Now that you know what it feels like to run at the higher cadence, it’s time to practice so you can develop muscle memory. Before starting a run, prime yourself by warming up with a 5-minute light jog at the goal cadence using the metronome.

If running on the treadmil, have your metronome up in front of you as you run. If running outside, run while listening to the sound of the metronome in your headphones. 

Both of those tactics are highly effective but overkill after a while. Once you get into the groove of what it feels like to run at the goal cadence you won’t need the metronome.

For Ranger, he actually felt a difference in his shin pain while running at 170 instead of 160 steps per minute. He looked at me in a “how did you know” kind of way, and I just smiled and set the metronome to 175. 

At 175, he had practically no pain with each foot strike—he was shocked. 

From my perspective, it was clear why his pain went away: the front of his foot, AKA his forefoot, was hitting the treadmill before his heel and directly under his body. He had his chest up with a slight forward lean. 

His calves were doing their jobs—absorbing the shock with each step and using it to propel him forward. 

Step 5: Go train at the higher cadence

I reached out to Ranger a week later to see how he was doing. Through his text, I still got the impression he wanted to say “how did you know,” because the results were a complete 360 from the last time we spoke. 

“Increasing the cadence has helped a ton. I ran a 20 miler on Sunday and felt great!”

My man. Good luck at BRC. RLTW. 

So, does this mean shin splints are always an issue of running technique? No. I’ll give you three other instances where the issue is likely to be something else: 

  1. Your shoes are toasted, and it’s time to change them out. 400 miles max per pair of shoes, maybe 300 if you have one of those high-performance shoes with the carbon plate. 
  1. Your weekly mileage has increased significantly in the last 8 weeks in big chunks, an example being going from 10 to 20 miles per week in back-to-back weeks. Here’s my rule of thumb for increasing running mileage week over week: You can increase your mileage 1 mile for every session of training you do in a week, but no more. So, if you run 3 times per week, you can increase your weekly mileage up to 3 miles next week. If you run 6 times per week, increase by no more than 6 miles next week.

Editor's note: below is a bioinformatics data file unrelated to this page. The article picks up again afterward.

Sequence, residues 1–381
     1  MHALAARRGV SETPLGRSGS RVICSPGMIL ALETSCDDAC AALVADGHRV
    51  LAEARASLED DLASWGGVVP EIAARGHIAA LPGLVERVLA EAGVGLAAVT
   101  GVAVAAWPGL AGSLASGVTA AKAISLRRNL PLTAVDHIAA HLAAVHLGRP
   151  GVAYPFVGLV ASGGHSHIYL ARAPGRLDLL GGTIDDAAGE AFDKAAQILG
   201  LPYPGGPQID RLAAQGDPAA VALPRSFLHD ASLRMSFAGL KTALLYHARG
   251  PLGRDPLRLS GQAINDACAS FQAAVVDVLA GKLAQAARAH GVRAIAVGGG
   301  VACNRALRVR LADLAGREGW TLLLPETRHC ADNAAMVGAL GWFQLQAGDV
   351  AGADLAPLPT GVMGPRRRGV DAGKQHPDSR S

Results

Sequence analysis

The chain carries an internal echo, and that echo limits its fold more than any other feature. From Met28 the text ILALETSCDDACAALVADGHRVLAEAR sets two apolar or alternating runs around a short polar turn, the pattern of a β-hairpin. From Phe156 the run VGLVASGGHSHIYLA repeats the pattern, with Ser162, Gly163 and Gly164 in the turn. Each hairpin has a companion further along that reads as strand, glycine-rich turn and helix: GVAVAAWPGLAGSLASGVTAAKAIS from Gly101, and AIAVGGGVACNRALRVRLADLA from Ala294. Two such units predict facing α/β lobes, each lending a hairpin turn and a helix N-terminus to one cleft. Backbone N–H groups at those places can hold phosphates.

1. You’re out of shape compared to how much running and rucking you’re trying to do. This is very common in basic training when you get new recruits that have never ran a single mile in their lives before joining the military and now they have to run everywhere, all day. This also happens in selection environments when candidates may run and ruck 100 miles in a week. That’s tough to prepare for no matter your training history. 

Well, there you have it. It is amazing what a slight change in running form can do for shin splints. If you are dealing with shin pain, I recommend you ask yourself if you fall into either of those 3 groups above. If not, check your cadence. Increasing it could provide you with the solution you’re looking for. 

Got a question for me? Hit me up at 

Jesse is a US Army Captain and Brigade Physical Therapist and Strength & Conditioning Coach.

All content found on Mountain Tactical Institute is not intended to be a substitute for professional medical advice, diagnosis, or treatment. Always seek the advice of your physician or qualified health providers with questions you may have regarding a medical condition. Never disregard professional medical advice or delay in seeking it because of something you have read on this Website.